House Speaker Paul Ryan (R-WI) said over the weekend that Republicans would “stick the landing” on a major tax reform bill after failing to repeal and replace President Barack Obama’s health care reform law.
“It is more important to us than anything that we get tax reform done,” Ryan told Fox Business host Maria Bartiromo. “Because we think it is absolutely critical for strong economic growth.”
According to Ryan, Republicans are trying to fund President Donald Trump’s border wall while lowering tax rates, which is expected to be a windfall for wealthy Americans.
“Getting consensus from the White House, the House and the Senate makes it much more of a viable enterprise,” the Speaker opined. “I feel much more confident that we’re going to stick the landing on tax reform because we have now said, ‘We have consensus, here’s the framework, let’s go get it done.'”
“Good news,” the Fox host replied.
Ryan explained that GOP lawmakers would use “dynamic scoring” to offset the cost of tax cuts with uncertain revenue from anticipated future growth.
“What that means is that we can have a big tax cut, but also make sure we are in compliance with our deficit targets,” he opined, noting that additional revenue could come from cutting programs like welfare.
“I don’t think we can get to 3 percent growth without tax reform,” the Wisconsin Republican insisted. “I really believe the secret to getting to 3 percent growth — clearly a goal we can achieve in this country — regulatory relief, working on labor supply, welfare to work. But tax reform, you can’t get to 3 percent growth in my opinion without tax reform. That’s why this is so important. That’s why we all agree.”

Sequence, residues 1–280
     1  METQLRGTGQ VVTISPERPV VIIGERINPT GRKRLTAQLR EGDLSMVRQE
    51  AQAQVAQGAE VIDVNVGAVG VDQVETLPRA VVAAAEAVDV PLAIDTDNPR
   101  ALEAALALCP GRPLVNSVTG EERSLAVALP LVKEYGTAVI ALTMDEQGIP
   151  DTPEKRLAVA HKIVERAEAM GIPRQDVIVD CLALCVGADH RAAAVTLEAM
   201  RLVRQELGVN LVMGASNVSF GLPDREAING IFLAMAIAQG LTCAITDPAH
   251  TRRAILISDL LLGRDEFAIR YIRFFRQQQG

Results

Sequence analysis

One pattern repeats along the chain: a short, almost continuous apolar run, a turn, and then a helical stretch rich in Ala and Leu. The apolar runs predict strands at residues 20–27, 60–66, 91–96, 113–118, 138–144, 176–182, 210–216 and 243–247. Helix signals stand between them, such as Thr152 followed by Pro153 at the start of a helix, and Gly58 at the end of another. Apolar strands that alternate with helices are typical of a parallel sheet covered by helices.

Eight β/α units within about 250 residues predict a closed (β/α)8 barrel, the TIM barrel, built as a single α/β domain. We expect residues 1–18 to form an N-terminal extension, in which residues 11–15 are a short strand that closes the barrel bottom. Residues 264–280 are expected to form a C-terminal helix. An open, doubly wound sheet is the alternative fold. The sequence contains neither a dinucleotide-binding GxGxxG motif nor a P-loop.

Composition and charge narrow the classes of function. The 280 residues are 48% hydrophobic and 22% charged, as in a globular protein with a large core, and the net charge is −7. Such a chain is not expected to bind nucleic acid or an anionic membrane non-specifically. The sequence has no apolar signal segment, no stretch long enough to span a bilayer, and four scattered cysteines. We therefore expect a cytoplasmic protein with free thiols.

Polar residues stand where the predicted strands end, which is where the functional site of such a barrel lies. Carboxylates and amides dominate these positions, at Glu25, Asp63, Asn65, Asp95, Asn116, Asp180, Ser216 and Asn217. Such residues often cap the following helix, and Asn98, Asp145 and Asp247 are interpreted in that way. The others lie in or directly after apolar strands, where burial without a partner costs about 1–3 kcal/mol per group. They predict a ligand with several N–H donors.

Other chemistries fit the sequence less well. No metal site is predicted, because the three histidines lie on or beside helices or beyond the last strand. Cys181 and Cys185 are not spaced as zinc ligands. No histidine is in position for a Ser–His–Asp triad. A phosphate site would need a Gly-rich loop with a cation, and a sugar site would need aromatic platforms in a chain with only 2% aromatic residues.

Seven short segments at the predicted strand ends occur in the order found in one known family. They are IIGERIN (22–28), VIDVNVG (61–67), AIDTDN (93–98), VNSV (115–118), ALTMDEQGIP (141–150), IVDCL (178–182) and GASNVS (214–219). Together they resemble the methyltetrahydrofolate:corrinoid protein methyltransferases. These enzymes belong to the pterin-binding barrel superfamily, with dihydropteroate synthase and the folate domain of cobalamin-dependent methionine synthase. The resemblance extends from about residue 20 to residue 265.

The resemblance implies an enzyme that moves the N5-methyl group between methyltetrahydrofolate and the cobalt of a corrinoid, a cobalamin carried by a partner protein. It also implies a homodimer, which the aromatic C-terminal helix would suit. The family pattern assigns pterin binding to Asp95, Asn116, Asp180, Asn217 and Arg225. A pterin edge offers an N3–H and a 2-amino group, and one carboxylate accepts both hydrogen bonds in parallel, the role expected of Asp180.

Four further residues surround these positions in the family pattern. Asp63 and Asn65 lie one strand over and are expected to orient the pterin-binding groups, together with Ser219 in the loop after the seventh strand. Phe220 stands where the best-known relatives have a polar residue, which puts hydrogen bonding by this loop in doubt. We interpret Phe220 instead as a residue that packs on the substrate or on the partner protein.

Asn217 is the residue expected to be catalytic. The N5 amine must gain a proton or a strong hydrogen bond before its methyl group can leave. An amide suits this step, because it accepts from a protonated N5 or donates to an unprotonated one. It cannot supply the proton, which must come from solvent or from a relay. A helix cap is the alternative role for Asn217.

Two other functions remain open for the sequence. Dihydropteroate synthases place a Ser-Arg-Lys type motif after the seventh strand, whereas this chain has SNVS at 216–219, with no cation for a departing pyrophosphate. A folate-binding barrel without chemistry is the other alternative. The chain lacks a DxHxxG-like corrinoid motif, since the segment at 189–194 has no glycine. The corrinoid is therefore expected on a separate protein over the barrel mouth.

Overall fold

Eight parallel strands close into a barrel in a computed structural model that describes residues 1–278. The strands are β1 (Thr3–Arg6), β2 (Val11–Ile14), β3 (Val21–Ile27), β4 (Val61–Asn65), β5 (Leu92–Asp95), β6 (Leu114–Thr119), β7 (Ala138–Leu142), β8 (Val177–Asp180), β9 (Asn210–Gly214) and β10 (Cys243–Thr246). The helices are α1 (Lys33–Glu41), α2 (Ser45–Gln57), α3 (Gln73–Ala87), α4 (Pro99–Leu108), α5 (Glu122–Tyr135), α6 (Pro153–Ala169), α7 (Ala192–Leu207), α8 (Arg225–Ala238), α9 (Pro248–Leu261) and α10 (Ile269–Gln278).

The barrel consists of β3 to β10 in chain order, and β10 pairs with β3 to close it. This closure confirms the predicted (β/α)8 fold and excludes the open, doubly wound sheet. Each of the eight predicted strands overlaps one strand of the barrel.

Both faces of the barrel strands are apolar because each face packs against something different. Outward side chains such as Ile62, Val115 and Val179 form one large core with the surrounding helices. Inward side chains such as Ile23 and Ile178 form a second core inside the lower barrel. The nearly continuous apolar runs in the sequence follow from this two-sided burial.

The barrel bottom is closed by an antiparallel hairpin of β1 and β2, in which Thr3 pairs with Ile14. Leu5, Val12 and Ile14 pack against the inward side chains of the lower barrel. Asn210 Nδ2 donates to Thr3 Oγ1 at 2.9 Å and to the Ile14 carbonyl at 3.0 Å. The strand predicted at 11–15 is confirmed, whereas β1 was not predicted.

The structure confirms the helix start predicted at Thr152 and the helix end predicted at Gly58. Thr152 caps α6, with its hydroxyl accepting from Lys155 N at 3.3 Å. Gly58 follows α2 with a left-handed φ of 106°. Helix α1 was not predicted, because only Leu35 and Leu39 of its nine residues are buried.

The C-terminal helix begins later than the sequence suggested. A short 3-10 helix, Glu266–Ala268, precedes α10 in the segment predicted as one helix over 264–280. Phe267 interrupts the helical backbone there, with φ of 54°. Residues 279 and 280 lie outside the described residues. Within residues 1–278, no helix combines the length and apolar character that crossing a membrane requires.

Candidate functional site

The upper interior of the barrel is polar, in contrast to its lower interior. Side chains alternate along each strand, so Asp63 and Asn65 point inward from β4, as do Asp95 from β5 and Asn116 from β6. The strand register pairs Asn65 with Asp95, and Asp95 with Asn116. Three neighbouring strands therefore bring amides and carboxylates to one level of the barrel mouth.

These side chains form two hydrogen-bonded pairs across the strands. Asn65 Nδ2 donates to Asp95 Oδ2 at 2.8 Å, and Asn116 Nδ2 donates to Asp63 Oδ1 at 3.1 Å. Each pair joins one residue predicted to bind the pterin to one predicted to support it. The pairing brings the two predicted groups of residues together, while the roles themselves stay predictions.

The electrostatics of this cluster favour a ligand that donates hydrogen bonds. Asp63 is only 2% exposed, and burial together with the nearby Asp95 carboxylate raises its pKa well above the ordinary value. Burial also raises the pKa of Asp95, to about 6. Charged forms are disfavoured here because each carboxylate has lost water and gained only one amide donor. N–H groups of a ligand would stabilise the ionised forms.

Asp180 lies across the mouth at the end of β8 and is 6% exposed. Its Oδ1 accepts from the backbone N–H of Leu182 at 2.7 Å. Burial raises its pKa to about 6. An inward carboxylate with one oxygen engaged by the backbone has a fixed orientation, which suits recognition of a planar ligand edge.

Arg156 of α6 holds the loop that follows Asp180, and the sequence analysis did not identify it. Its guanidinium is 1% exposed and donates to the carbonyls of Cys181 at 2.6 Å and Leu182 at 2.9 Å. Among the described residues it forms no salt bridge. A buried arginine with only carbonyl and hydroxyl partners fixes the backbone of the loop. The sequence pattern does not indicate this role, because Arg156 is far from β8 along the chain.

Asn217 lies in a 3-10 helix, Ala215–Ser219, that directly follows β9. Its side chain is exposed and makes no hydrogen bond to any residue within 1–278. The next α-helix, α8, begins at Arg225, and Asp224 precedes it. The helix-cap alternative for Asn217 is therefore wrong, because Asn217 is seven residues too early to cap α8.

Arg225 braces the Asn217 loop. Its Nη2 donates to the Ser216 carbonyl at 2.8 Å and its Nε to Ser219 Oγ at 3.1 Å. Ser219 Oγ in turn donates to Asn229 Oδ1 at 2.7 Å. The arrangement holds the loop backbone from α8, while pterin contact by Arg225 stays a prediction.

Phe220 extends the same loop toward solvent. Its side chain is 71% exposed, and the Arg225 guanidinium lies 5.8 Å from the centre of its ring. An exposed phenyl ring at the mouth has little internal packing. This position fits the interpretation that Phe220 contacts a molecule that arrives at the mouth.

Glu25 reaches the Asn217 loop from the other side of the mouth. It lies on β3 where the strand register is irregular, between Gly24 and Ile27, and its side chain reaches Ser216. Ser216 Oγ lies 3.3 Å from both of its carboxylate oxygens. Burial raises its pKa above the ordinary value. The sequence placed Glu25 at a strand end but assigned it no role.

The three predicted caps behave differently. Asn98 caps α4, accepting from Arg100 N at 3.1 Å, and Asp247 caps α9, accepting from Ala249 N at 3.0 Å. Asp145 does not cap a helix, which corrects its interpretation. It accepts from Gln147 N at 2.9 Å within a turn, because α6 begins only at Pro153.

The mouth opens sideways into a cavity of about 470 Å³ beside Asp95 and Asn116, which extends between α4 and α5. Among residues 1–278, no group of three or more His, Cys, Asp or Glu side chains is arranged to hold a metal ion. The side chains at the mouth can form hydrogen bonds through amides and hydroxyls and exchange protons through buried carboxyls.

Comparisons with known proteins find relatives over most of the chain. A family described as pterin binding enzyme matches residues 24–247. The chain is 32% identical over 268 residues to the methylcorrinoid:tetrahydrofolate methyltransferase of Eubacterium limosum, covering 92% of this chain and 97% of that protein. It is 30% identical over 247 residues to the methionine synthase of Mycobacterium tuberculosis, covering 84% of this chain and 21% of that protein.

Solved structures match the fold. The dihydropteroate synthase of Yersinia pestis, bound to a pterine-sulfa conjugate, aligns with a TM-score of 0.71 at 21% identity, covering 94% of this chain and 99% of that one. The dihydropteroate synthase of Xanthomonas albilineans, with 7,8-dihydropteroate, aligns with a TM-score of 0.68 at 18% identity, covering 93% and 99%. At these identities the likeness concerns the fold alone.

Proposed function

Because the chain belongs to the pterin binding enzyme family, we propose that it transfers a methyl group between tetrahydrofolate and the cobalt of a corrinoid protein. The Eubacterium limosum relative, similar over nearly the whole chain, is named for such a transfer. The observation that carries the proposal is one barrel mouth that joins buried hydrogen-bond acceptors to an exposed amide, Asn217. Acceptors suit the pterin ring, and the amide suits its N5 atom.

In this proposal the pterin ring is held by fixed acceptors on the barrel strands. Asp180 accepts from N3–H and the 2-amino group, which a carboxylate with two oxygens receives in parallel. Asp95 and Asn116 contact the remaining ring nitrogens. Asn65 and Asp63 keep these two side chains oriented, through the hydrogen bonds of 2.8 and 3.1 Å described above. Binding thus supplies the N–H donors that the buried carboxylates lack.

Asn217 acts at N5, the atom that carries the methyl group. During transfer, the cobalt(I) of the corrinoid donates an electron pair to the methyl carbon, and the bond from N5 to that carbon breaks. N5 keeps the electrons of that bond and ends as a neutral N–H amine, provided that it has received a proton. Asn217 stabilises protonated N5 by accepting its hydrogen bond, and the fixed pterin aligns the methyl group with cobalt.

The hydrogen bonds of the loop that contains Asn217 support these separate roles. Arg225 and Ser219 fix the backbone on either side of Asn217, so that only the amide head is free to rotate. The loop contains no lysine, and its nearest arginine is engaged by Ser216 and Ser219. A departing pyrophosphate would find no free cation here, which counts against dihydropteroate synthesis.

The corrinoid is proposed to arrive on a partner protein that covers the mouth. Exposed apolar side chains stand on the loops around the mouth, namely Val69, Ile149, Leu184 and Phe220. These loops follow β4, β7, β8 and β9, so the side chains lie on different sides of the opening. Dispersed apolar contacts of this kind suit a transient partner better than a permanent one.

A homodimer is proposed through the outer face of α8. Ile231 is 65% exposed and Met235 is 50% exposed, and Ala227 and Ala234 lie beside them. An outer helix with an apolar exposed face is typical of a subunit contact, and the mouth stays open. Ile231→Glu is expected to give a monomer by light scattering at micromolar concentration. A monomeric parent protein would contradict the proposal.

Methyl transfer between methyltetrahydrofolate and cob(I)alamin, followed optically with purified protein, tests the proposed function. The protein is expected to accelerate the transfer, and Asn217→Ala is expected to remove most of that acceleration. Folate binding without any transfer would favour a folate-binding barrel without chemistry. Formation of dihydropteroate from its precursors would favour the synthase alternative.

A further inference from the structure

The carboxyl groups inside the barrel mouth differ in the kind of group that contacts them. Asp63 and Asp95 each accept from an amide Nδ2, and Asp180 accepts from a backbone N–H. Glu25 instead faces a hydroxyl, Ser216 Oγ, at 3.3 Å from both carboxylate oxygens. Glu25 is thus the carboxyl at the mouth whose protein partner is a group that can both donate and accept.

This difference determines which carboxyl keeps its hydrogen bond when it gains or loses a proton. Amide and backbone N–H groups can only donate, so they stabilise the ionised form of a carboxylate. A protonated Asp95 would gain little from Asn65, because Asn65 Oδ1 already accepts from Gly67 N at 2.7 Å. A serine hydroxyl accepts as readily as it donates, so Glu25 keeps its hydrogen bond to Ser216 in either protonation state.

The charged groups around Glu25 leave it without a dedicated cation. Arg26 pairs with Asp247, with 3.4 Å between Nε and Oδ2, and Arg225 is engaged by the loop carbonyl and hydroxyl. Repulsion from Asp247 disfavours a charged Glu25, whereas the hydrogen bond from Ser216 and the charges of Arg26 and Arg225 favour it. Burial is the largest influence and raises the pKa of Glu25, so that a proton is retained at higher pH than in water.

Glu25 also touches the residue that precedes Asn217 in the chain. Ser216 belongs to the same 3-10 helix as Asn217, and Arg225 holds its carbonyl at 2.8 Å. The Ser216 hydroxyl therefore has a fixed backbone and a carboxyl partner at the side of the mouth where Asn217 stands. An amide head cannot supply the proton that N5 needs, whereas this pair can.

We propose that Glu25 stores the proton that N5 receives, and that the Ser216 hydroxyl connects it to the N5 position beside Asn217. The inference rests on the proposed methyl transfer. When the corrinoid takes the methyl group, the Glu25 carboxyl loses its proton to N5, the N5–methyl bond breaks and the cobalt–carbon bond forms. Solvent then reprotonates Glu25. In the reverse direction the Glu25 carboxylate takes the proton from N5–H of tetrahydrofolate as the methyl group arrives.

Watch the video below from Fox News.
Here are 3 winners and 3 losers from the 2020 Democratic presidential primary debate
Former New York Mayor Michael Bloomberg joined the other leading Democratic presidential primary candidates Wednesday night in the fieriest evening of the race so far.
His presence on the stage drew fire from the other candidates, but it also seemed to change the overall tone of the debate, with more attacks, counter-attacks, and passion than was generally seen earlier in the campaign.
Here’s a (necessarily subjective!) list of the winners and losers from the fray:
Sen. Elizabeth Warren (D-MA) — Warren hit her stride right as the debate started by attacking Bloomberg for his record on the mistreatment of women, racist policies, and his tax returns. She repeatedly came back to skewer the former mayor, making herself the biggest and most notable presence in the debate. But importantly, she also continuously brought the discussion back to the issues she cares about — like expanding health care, environmental justice, and consumer protection — while getting in digs at the other candidates on the stage.
Michael Bloomberg ‘lost everything’ in Las Vegas: MSNBC analyst
Senior editor for "The Root," Jason Johnson, concluded that the biggest loser of the Democratic debate in Las Vegas Wednesday was Michael Bloomberg, but not merely because of his debate performance.
"The big new name was going to be Michael Bloomberg," he said. "This was probably the most expensive night in Vegas I've ever seen. He lost everything. This guy has spent $320 million. He had the opportunity to stand on stage, and appear to be an equal, and he looked bored. He looked disenchanted. He stumbled over obvious questions that anybody would have anticipated about sexual harassment and stop and frisk. I thought it was a bad night for him."
Pro-immigration protesters interrupt Joe Biden’s closing statement at debate
Former Vice President Joe Biden's closing statement was interrupted by protesters at Thursday night's Democratic presidential debate.
As Biden began his remarks, demonstrators began shouting about the Obama administration's record on deportations.
— NBC News (@NBCNews) February 20, 2020